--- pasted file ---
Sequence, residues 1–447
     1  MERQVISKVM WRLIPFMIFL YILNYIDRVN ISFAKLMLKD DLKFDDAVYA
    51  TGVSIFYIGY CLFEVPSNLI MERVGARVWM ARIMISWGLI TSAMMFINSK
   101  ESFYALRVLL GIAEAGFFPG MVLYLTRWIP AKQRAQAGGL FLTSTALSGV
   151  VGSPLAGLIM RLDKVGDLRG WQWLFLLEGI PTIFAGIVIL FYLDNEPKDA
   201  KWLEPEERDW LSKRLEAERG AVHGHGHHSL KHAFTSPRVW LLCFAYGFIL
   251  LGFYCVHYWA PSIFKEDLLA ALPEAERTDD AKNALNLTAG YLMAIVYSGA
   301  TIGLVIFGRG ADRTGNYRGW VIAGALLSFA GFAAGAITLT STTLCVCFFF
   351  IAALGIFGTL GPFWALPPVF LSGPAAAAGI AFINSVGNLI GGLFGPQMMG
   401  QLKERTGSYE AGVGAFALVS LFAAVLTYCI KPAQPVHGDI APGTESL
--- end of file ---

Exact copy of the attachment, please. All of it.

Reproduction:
Sequence, residues 1–447
     1  MERQVISKVM WRLIPFMIFL YILNYIDRVN ISFAKLMLKD DLKFDDAVYA
    51  TGVSIFYIGY CLFEVPSNLI MERVGARVWM ARIMISWGLI TSAMMFINSK
   101  ESFYALRVLL GIAEAGFFPG MVLYLTRWIP AKQRAQAGGL FLTSTALSGV
   151  VGSPLAGLIM RLDKVGDLRG WQWLFLLEGI PTIFAGIVIL FYLDNEPKDA
   201  KWLEPEERDW LSKRLEAERG AVHGHGHHSL KHAFTSPRVW LLCFAYGFIL
   251  LGFYCVHYWA PSIFKEDLLA ALPEAERTDD AKNALNLTAG YLMAIVYSGA
   301  TIGLVIFGRG ADRTGNYRGW VIAGALLSFA GFAAGAITLT STTLCVCFFF
   351  IAALGIFGTL GPFWALPPVF LSGPAAAAGI AFINSVGNLI GGLFGPQMMG
   401  QLKERTGSYE AGVGAFALVS LFAAVLTYCI KPAQPVHGDI APGTESL